2018

Why work with Government and industry competition?

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There’s a certain gravitas when meeting in a Government building. Its redolent of standing in the British Library, not only in surroundings, but the ages of opinion which leaves a contemporary mustiness from decades of discussion. Amidst the grandeur, the invitation and opportunity to meet with Finance Secretary to the Treasury, Mel Stride last week provided key insights and thinking from HMRC.

Along with IRIS, the 20-strong meeting included representatives from HMRC, the CBI, DAG, ICEAW, Sage, Intuit, and Xero. The purpose of the meeting was to identify how HRMC can work to ensure businesses maximise the opportunities as we digitise the economy.

The input from the room was passionate and there’s genuine commitment to Making Tax Digital (MTD). This wasn’t just from a tax perspective but the wider context as to how we make the UK businesses digital. We all agreed there is still much work to do, but digital transformation will provide many opportunities for accountancy practices and advisors.

It might seem both surprising and reassuring the software providers want collaboration to solve the problems on this journey; we all work closely with HMRC but to make the UK truly digital, we must collaborate across the industry. And there is appetite, whether from the tax authority or the FSB – the unswerving mission is to make the UK economy more successful.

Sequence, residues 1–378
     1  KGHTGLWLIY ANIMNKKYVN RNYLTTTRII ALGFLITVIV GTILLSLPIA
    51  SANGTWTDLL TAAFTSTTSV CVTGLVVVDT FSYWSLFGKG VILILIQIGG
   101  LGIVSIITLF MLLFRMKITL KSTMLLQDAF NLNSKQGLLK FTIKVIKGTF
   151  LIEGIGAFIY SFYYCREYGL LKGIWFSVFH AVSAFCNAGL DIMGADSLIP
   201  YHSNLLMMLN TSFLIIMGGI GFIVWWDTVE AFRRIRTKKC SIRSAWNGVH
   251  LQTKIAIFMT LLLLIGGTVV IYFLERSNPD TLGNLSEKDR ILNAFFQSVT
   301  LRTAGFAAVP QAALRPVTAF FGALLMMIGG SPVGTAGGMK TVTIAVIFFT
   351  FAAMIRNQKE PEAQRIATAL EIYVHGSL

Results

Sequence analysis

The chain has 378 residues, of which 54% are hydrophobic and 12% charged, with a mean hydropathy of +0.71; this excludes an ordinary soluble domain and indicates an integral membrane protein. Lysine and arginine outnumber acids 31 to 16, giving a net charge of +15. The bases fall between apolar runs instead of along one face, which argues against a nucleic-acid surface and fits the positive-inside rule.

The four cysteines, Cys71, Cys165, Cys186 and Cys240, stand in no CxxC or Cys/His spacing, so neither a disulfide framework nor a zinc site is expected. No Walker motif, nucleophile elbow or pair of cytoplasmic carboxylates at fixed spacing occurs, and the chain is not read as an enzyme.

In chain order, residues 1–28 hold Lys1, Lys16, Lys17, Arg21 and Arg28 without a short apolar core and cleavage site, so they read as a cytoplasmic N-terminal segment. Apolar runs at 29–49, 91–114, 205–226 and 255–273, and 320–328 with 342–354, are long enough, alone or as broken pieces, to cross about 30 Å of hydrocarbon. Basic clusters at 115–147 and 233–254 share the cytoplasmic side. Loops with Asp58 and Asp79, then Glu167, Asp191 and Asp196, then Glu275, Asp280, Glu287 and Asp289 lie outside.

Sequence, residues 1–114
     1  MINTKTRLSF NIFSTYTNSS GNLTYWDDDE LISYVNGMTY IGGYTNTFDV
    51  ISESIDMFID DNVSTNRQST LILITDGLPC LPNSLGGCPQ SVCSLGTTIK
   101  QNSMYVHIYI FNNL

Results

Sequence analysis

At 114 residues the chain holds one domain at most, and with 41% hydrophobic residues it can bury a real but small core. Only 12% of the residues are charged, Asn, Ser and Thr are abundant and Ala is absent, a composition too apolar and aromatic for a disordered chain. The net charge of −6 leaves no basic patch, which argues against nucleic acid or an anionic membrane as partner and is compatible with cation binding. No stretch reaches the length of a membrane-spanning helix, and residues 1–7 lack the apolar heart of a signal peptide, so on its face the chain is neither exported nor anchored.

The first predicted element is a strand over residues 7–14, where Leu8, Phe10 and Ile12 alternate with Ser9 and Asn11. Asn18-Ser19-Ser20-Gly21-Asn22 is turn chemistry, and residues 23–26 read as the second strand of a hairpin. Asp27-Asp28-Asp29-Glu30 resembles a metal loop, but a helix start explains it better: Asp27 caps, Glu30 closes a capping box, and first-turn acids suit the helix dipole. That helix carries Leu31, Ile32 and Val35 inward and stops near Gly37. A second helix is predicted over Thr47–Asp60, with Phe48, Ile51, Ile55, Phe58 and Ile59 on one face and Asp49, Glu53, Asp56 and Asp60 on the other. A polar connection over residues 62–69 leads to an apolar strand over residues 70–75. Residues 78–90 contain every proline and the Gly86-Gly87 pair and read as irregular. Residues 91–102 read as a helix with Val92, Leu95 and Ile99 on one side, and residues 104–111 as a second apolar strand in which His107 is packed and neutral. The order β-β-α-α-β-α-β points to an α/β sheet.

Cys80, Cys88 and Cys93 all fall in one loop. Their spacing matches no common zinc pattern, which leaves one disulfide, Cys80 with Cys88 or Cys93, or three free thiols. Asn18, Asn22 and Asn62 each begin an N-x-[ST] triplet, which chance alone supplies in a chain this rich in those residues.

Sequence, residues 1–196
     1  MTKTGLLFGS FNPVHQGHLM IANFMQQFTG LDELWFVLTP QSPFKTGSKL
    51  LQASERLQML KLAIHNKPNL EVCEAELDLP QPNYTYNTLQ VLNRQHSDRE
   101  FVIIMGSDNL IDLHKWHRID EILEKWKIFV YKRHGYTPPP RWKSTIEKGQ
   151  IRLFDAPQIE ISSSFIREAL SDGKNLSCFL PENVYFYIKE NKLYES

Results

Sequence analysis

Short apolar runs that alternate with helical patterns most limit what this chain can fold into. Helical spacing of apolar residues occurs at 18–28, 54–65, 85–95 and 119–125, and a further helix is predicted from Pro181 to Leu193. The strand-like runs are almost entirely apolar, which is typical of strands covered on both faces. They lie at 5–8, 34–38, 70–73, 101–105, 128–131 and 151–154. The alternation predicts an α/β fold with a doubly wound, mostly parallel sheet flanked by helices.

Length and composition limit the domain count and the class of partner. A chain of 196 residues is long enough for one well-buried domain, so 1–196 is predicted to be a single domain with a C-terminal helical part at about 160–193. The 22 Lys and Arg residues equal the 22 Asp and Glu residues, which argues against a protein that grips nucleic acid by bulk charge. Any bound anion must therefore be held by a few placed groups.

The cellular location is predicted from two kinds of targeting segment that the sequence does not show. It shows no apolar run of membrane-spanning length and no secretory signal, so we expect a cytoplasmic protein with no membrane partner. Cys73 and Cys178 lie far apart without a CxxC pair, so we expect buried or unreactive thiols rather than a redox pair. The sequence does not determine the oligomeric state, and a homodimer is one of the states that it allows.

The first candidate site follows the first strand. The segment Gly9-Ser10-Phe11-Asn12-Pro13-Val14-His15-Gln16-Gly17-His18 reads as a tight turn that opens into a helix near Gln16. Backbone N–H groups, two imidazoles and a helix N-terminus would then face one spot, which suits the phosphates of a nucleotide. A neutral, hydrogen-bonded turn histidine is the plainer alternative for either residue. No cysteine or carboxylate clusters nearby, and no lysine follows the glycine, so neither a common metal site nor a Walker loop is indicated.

Industry collaborations will enable businesses of all sizes to adopt the digital journey, and from my understanding, HMRC, software suppliers and industry bodies need to unify to ensure customers, HMRC’s tax payers and agents are fully informed as we lead up to the April 2019 MTD for VAT legislation. Our partnerships allow us to work more closely with influencers and policy makers to help HMRC provide a service that works as intended, enables productivity, facilitates collaboration and provides insight for businesses to connect and serve an increasingly new generation of customers.

However, this journey won’t be without bumps in the road: I was disappointed with HMRC’s perceived lack of empathy for software providers, there was little understanding as to the level of research and development all providers have committed to over the last 12 months and the significance of our impact.

We are also concerned with the MTD slow down and even now, HMRC won’t commit to further legislation until MTD for VAT is successful, which will be post April 2019. The clarion call was to continue legislation as soon as possible. MTD is the centre piece of the digital economy in our industry and it needs to be at the forefront of HMRC’s agenda.

HMRC must also stand loud and proud. There has been good progress to date, and they must continue to clearly communicate to us, not just to highlight business benefits but share strategic and policy direction, such as publishing roadmaps and communicate tactical issues. Continued transparency across the industry will drive progress and help liberate time, talent and energy of UK businesses, enabling them stay one-step-ahead of their competition.

And progress has started. We’ve seen evidence this week with the first quarterly filing submission in the MTD programme - and by an IRIS accountant, Rowleys Chartered Accountants - which is a great proof point for digital transformation and the MTD programme.

The meeting demonstrated there is light at the end of the tunnel. I’m delighted IRIS has a voice to represent accountants and businesses as well as an opportunity to work with Government and other industry stakeholders.